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Depression In Sport

This is a topic not often talked about and many athletes are afraid to admit that they suffer from depression for fear of being labelled ‘weak’, says life coach, writer and speaker, Myan Subrayan. He believes that many of the professional sports people that he has worked with share this same sentiment – and Subrayan has been around having worked in rugby, cricket, soccer, golf, swimming, netball and athletics. He believes that this sensitive and relevant topic is frequently swept aside in the professional sports environment. However, in his recent book on former Bafana Bafana star Delron Buckley, it is highlighted by Delron bravely sharing about his brush with depression whilst playing for Borussia Dortmund, in Germany.

Buckley says, “Myan started off as my writer 3-years-ago but ended up as my personal life coach and motivator. In fact, he helped me through another crucial part of my career, when it ended for me as a player. Having Myan to guide and counsel me through this tough time in any professional athlete’s career was so valuable. His advice to me was a light in what was a dark, unknown period of my life. Up until that time, I was not prepared for retiring from playing but having my life coach around made the transition easier. Just look at what happened to Wallaby, rugby star, Dan Vickerman, who sadly committed suicide because he struggled with the transition to retiring as a player. As a coach now and learning from Myan, I am wiser and advise my players to also plan ahead for life after playing.”

Subrayan also relates to Vickerman’s sad demise to highlight that depression is no ‘walk in the park’!

 “You go through periods of severe hopelessness, dejection, feelings of inadequacy and guilt. It is often so bad that you cannot get out of this ‘pit’ on your own. You need professional help. That is what I do as a life coach, which is to motivate and help people find their meaning and purpose for life. To show the athlete their value and to get them to appreciate all that they have achieved thus far. What is crucial is for the athlete to maintain and construct a life outside of sport and to face the inevitable that their playing careers will come to an end.”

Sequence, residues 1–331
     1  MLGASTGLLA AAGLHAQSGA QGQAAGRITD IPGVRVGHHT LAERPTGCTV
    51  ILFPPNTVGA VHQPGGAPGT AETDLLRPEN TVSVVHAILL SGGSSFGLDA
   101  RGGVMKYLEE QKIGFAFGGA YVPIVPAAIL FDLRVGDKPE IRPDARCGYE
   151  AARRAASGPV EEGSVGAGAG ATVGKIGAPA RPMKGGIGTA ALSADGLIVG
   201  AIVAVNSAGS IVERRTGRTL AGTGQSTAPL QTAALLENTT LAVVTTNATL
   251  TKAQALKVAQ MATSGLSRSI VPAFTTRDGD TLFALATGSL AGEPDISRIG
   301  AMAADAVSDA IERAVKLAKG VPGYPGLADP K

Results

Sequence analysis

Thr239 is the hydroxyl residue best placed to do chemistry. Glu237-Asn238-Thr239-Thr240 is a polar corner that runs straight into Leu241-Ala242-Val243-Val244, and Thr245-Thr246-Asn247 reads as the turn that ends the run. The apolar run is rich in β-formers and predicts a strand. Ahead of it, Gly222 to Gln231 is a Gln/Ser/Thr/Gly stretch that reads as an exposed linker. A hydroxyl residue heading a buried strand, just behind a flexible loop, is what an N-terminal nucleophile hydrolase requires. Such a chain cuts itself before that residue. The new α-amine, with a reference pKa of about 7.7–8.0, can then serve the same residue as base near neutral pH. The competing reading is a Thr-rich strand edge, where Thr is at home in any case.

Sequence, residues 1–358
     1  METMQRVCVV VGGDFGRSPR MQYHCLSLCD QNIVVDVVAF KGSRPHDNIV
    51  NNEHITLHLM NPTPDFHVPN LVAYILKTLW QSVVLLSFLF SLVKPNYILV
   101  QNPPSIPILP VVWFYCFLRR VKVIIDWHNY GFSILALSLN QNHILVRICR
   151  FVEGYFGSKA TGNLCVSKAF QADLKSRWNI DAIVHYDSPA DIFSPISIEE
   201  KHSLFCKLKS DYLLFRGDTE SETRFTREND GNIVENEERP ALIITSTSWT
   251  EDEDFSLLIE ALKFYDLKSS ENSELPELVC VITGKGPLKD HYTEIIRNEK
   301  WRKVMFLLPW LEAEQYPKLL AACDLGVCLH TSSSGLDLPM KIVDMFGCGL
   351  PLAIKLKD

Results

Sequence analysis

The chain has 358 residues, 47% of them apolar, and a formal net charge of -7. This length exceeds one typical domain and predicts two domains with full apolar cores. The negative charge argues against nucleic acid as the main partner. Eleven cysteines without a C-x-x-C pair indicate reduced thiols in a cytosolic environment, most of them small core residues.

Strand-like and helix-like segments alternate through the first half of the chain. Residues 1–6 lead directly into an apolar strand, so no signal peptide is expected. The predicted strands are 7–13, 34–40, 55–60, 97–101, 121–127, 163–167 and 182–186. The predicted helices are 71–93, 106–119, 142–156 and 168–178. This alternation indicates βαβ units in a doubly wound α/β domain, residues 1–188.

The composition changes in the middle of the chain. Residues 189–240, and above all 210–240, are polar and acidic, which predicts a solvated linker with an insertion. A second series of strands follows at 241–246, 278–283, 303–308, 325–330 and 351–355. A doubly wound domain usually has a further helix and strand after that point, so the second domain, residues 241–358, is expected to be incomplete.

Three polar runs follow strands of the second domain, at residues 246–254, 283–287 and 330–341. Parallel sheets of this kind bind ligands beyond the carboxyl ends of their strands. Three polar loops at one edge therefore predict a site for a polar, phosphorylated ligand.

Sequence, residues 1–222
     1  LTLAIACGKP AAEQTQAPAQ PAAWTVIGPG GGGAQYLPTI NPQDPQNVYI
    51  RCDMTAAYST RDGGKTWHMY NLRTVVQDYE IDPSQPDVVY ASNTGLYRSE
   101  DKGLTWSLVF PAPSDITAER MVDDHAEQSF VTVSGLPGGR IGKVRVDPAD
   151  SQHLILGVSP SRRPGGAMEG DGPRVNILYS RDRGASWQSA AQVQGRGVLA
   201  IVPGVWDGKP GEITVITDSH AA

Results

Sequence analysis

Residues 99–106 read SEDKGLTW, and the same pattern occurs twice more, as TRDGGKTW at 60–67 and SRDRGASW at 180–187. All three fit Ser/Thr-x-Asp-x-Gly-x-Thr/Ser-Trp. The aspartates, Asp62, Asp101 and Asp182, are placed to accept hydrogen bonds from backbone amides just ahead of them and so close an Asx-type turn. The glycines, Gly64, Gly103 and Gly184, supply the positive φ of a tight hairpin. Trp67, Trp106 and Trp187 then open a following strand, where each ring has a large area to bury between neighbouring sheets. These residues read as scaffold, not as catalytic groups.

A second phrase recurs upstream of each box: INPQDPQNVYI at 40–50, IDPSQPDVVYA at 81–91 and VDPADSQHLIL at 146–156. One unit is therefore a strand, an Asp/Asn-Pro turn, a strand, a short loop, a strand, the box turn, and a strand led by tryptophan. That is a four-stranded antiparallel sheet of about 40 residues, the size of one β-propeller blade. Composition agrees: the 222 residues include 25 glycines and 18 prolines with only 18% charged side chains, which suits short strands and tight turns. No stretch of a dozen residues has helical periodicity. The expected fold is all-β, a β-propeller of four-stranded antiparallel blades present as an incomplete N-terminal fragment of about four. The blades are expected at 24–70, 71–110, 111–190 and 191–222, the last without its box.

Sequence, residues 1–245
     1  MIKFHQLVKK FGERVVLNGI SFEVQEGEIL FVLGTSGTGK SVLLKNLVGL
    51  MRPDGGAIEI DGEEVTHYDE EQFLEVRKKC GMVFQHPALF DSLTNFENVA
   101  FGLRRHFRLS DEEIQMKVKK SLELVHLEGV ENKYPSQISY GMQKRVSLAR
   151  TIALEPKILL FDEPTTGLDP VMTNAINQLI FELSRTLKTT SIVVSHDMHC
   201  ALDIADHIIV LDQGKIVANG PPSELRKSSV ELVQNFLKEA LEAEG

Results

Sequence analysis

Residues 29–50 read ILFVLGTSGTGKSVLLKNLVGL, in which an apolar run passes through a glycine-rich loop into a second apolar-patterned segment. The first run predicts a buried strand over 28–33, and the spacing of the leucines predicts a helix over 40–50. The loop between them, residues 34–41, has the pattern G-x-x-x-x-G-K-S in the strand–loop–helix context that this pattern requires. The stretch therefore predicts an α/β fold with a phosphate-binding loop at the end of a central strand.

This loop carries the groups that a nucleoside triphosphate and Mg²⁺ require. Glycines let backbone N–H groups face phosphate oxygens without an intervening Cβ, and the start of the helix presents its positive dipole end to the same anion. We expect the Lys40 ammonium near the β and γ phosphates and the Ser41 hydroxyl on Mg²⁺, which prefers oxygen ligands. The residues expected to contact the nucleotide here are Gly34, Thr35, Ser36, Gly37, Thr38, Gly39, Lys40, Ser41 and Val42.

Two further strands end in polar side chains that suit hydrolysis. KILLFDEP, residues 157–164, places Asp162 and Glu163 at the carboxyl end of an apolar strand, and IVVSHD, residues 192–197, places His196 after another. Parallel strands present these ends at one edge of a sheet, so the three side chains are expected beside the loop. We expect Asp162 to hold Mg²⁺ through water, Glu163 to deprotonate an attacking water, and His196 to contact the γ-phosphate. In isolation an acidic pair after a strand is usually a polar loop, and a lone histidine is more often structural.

Subrayan believes that part of the remedy is for the athletes to have a strong support structure around themselves outside of the sports world so that they don’t feel isolated and have people that they can talk to and share their feelings with. 

“Let’s be honest,” he says, “The professional sport scene is a pressure cooker environment which places not only players but also coaches and management under the gun. There is a lot of uncertainty in regards to performance, contracts, selection, injuries and expectations from fans and pressure from the media that they have to face.”

As a life coach Subrayan believes, his role is to be a sounding board to encourage people with their career, personal goals, and relationships and to offer sound advice that will benefit them.

* This article was supplied by Myan Subrayan who is a writer, speaker and life coach to sports teams and businesses. For more info on Myan, his work and his books you can visit www.myansubrayan.co.za. You can also follow him on Facebook and Twitter @myansubrayan

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